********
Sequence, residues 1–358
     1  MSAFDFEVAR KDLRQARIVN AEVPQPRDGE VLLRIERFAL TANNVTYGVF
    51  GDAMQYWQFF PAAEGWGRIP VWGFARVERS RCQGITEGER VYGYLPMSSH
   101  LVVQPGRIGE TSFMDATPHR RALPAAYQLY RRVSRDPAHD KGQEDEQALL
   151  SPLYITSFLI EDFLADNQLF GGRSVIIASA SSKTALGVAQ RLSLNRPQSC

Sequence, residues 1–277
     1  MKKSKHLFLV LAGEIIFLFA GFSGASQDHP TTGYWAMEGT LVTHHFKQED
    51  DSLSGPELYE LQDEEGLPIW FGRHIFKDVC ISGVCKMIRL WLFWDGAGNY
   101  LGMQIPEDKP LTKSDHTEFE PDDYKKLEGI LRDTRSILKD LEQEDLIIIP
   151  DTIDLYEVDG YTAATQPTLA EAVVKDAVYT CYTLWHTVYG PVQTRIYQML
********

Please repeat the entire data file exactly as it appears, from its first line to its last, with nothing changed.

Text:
Sequence, residues 1–358
     1  MSAFDFEVAR KDLRQARIVN AEVPQPRDGE VLLRIERFAL TANNVTYGVF
    51  GDAMQYWQFF PAAEGWGRIP VWGFARVERS RCQGITEGER VYGYLPMSSH
   101  LVVQPGRIGE TSFMDATPHR RALPAAYQLY RRVSRDPAHD KGQEDEQALL
   151  SPLYITSFLI EDFLADNQLF GGRSVIIASA SSKTALGVAQ RLSLNRPQSC

Sequence, residues 1–277
     1  MKKSKHLFLV LAGEIIFLFA GFSGASQDHP TTGYWAMEGT LVTHHFKQED
    51  DSLSGPELYE LQDEEGLPIW FGRHIFKDVC ISGVCKMIRL WLFWDGAGNY
   101  LGMQIPEDKP LTKSDHTEFE PDDYKKLEGI LRDTRSILKD LEQEDLIIIP
   151  DTIDLYEVDG YTAATQPTLA EAVVKDAVYT CYTLWHTVYG PVQTRIYQML